Meanwhile, the older son (remember the older son), he’s out mowing the backyard at his Dad’s house. He’s got sweat dripping everywhere, and his mind is running over the list of all the other stuff he’s supposed to do, when he looks up and sees countless figures moving past the windows inside. And when he turns off the mower he can hear the music bumping and the people singing.
He quickly makes his way up to the closest window, peers inside, and sees his father with his arms around his good-for-nothing younger brother, and the older son shuffles off it a fit of rage.
Hours pass before the father realizes his other son is missing the party. So he tries to call him, no answer. He tries to text him, no response. It gets to the point that the Dad gets in his car and shows up at his older son’s house and starts banging on the front door.
“Where have you been? You’re missing the party!”
“I’m missing the party? When did you ever throw me a party? I’ve been like a slave for you all these years, taking over your business, driving you to your doctor’s appointments, heck I was even mowing your yard this afternoon, and you’ve never done a thing for me. And yet my brother shows up, and you throw him a party and you invite the whole neighborhood?”
And before he can continue his litany of complaints the father smacks his older son across the face and shouts, “You idiot! I gave you all that you have. And what do you spend all your free time doing? Taking care of an old man like me and I never asked you to do any of that.”
“Don’t you interrupt me right now, this is important. All that matters is that your brother is finally alive again. And you, you’re hardly alive at all. The only reason you didn’t come into the party after mowing the lawn is because you refuse to die to all of these dumb expectations that you’ve placed on yourself. We’re all dead and having a great time and you, you’re alive and miserable. So do yourself a favor, son of mine, and just drop dead. Forget about your life and come have fun with us.”
That’s the whole story right there.
And we know what we’re supposed to make of it.
We know we’ve been like the younger brother, venturing off into the unknown world only to make stupid choices and hope that we will be received in our repentance.
We know we’ve been like the older brother, disgusted with how some people get all the good stuff even though they don’t deserve it.
Or we know we’ve been like the father, praying for a wayward child, or spouse, or family member, or friend to come to their senses and return home.
And just about every time we encounter this story, whether in a sermon, or Sunday school, or even in a book or movie, the same point is made – see yourself in the story and then act accordingly.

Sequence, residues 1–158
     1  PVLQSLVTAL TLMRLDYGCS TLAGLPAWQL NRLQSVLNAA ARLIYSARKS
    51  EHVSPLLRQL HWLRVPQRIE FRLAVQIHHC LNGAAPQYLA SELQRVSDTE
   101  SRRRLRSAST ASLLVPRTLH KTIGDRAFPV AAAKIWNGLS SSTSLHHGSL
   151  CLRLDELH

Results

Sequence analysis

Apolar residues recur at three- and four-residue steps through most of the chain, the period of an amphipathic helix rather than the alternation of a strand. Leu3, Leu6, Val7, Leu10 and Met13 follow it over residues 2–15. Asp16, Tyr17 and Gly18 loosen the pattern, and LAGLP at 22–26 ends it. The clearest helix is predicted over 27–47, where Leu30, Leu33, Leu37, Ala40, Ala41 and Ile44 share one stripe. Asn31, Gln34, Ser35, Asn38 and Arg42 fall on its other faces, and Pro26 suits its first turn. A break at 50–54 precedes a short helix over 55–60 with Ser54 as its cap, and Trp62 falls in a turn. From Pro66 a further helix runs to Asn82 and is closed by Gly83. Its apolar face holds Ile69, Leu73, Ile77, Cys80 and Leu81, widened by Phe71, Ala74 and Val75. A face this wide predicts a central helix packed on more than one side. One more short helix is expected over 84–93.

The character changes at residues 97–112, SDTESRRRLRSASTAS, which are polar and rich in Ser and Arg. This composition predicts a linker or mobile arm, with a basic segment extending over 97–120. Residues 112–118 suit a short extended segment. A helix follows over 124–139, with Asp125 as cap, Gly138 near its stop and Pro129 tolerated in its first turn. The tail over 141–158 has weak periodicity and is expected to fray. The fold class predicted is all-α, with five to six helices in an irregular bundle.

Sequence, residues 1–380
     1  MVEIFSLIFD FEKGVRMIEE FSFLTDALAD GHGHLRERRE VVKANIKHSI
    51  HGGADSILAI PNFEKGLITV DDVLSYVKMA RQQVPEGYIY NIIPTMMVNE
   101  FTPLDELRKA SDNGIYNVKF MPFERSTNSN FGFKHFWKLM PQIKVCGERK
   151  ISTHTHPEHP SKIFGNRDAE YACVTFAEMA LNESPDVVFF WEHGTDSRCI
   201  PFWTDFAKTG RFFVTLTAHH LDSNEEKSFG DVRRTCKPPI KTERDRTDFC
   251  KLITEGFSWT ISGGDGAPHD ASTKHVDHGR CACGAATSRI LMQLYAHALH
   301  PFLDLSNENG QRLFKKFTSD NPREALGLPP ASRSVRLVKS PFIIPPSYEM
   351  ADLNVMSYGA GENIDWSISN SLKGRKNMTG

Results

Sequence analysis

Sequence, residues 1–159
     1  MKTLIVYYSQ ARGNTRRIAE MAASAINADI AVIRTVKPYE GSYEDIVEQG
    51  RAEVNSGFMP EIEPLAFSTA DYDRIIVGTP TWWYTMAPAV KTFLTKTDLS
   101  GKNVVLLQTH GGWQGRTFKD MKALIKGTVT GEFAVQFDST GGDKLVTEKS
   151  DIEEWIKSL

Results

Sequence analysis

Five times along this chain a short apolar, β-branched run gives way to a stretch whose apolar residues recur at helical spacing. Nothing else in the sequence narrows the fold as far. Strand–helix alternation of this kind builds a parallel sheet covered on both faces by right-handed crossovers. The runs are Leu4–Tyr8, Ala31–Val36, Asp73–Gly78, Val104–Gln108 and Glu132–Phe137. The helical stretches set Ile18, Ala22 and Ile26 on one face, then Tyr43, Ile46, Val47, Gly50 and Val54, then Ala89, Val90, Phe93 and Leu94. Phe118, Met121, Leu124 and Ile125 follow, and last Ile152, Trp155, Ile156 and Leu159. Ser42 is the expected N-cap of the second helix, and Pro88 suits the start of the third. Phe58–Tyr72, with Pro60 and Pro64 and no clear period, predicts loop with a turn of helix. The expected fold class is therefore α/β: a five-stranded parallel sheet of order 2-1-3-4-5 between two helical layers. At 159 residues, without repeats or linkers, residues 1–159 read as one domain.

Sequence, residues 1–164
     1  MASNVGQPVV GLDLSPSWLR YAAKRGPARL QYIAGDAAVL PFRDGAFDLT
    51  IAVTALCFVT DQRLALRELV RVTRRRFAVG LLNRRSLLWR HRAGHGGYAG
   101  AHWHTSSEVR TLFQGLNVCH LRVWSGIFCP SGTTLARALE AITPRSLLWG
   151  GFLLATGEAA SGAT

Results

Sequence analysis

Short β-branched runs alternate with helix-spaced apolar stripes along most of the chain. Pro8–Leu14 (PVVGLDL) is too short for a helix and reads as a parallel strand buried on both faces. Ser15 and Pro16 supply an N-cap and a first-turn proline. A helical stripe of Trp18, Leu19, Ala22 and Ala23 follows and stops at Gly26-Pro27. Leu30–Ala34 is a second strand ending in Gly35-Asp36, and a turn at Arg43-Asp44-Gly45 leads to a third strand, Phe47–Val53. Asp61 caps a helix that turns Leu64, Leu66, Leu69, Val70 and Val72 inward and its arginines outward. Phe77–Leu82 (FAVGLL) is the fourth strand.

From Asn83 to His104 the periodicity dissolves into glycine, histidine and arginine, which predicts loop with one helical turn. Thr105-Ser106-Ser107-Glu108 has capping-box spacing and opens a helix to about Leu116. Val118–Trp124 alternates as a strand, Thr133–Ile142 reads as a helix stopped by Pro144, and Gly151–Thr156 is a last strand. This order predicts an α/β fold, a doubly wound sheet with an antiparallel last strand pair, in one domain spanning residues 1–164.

But that ruins the story. It ruins the story because it makes the entire thing about us when the entire thing is really about Jesus.
If the story we’re about us then we would hear a fuller ending. We would learn whether or not the elder brother decided to ditch his self-righteousness and join the party. We would discover whether or not the younger brother truly repented and left his foolish life behind forever. We would even discover how the father attempted to reconcile his sons back together.
But Jesus doesn’t give us the ending we might be hoping for. We don’t get to know what happens and to whom because that’s not the point.
Do you see it now? This is about as scandalous as it gets in the Bible because no one gets what they deserve, and the people who don’t deserve anything get everything!
The father loses everything for his sons. He gives up his life simply to meet the demand of his younger son.
The older son loses out on all that he hopes for by doing all of the right things only to never be rewarded for it.
The younger son dies to his ridiculous extravagance and is thrown the party of all parties just for coming home.
In this story, straight from the lips of the Lord, we catch a glimpse of the great scandal of the gospel: Jesus dies for us whether we deserve it or not. Like the younger son we don’t even have to apologize before our heavenly Father is tackling us in the streets of life to shower us with love. Like the older son, we don’t have to do anything to earn an invitation to the great party, save for ditching our snobbery.
This story, whether we like to admit it or not, ends before we want it to. We want to know what happens next, we want to know if the older brother goes into the party. We want to know if the younger brother stays on the right path. We want to see the father relaxing in his lazy boy knowing both of his kids are home.
But the fact that Jesus ends the story without an end shows that what’s most important has already happened. The fatted calf has been sacrificed so that the party can begin. Jesus has already mounted the hard wood of the cross so that we can let our hair down, and take off our shoes, and start dancing.
We were lost and we’ve been found.
That’s the only thing that matters. Amen.